On the cusp: The origins of Scottish Jacobitism and the Anglo-Scottish union of 1707



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Jacobitism is most remembered from the doomed rebellion of 1745 and as a result, the origins of Jacobitism have received little academic attention. The study of Jacobitism is also a useful lens through which to study the Anglo-Scottish Union of 1707. Drawing from the history of Anglo-Scottish relations, British political economy, and Jacobitism this thesis examines how Jacobitism formed and subsequently became a threat to the established government in Westminster 1689-1715. I argue that Jacobitism constituted a viable threat to the government but more than that, it more or less forced the creation of the Anglo-Scottish Union in 1707. English perceptions of Jacobitism also inflated its threat because it gave the Jacobites more credibility than the Jacobites often had. In addition, Jacobitism was often viewed as a uniquely Scottish problem, however this thesis contends that Jacobitism spread into England because the border between Scotland and England was fluid. The Scots and English, most especially the English in northern England, shared a landscape and culture, and, as a consequence, elements of Jacobitism. The study of the creation of Jacobitism and its role during the Union of 1707 is essential to understanding the formation of the British State during the pivotal years of 1689-1715 and indeed, essential to understanding Anglo-Scottish relations today.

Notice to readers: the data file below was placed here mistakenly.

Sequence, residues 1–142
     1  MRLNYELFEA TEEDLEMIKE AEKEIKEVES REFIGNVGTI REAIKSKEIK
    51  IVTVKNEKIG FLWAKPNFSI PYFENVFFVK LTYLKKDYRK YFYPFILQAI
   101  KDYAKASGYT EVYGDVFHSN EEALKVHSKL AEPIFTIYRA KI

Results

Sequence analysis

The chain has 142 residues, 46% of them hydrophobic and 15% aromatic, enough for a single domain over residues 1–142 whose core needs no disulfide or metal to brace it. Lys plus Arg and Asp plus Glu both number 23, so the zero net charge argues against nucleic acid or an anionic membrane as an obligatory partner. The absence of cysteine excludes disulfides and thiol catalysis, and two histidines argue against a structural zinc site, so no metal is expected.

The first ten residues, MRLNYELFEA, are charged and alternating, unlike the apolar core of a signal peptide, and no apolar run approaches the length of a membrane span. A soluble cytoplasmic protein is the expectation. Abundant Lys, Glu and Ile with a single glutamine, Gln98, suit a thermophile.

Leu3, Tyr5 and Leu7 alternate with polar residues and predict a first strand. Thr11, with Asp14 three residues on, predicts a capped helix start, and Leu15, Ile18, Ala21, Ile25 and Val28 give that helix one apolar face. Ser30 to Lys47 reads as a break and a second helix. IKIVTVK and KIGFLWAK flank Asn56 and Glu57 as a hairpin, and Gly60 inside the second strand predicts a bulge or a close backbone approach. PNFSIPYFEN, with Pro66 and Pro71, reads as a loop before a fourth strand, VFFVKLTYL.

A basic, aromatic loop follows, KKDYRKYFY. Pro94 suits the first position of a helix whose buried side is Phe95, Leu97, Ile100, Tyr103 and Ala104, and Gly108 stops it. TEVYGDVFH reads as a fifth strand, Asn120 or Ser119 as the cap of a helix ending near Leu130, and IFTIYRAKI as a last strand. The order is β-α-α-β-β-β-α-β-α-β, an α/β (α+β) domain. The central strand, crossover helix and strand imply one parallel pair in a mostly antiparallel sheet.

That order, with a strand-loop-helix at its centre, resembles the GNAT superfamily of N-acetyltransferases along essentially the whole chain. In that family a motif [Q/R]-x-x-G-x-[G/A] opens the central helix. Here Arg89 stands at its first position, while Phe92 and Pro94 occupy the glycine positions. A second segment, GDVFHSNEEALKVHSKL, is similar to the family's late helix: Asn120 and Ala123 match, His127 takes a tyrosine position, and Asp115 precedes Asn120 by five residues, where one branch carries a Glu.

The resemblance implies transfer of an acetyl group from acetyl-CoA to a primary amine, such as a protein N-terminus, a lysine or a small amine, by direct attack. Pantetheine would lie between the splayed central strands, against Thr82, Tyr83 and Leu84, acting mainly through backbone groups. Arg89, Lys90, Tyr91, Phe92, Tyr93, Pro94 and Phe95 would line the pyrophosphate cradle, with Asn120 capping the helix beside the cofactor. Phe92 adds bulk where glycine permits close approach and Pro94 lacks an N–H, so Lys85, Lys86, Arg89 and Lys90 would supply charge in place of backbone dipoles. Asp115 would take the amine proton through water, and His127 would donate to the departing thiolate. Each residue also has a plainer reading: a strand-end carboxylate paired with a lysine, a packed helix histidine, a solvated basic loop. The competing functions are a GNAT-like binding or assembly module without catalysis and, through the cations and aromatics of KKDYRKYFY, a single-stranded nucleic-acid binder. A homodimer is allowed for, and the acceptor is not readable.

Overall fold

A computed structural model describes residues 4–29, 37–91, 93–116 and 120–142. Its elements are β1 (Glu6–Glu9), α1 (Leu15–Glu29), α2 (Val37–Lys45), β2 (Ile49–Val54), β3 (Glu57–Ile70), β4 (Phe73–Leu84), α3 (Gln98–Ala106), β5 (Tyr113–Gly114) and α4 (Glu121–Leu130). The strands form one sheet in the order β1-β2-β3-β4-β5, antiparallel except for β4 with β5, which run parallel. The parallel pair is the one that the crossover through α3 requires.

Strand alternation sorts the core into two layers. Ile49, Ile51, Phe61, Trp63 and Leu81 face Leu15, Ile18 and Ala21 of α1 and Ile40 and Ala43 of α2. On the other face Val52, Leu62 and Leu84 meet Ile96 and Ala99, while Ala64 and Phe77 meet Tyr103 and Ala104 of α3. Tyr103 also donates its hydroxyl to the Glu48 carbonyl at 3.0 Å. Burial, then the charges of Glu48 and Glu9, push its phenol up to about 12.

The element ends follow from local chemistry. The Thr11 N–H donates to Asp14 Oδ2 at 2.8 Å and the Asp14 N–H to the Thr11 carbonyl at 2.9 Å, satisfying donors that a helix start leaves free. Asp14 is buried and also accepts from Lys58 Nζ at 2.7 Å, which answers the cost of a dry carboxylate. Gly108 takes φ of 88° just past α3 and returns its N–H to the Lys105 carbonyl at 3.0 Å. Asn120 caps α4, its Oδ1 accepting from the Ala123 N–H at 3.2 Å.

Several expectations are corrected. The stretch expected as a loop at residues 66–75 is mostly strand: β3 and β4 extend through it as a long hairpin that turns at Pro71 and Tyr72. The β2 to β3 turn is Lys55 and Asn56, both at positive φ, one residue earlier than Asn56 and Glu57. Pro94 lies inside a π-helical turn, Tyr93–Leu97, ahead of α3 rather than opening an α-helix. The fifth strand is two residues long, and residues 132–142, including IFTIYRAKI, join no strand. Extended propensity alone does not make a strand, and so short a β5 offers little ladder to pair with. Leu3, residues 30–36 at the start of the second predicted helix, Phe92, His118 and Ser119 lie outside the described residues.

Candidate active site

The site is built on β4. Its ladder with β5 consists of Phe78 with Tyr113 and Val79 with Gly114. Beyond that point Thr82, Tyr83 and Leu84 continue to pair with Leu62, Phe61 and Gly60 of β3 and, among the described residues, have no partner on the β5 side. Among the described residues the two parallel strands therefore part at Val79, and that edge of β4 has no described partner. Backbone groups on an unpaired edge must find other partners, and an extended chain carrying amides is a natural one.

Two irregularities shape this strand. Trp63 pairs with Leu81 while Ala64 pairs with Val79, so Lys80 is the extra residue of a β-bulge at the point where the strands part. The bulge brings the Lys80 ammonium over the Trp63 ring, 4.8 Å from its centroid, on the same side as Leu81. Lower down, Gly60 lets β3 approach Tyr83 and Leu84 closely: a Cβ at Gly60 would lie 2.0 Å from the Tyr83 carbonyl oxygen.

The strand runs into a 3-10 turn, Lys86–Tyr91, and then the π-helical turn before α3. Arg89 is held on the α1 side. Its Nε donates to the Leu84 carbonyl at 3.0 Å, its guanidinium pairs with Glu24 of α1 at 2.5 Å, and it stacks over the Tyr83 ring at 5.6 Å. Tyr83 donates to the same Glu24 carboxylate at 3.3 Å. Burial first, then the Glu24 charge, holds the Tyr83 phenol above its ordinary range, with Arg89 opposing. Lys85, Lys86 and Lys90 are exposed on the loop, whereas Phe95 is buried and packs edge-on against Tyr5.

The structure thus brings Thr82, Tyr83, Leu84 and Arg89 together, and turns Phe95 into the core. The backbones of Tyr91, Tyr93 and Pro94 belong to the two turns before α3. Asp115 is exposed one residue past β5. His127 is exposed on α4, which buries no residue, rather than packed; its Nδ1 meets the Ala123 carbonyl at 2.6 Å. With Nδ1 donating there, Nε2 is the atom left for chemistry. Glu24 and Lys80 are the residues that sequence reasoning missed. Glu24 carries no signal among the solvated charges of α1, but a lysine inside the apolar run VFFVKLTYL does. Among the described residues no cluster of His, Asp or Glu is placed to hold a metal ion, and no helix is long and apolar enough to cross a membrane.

Jacobite, Scotland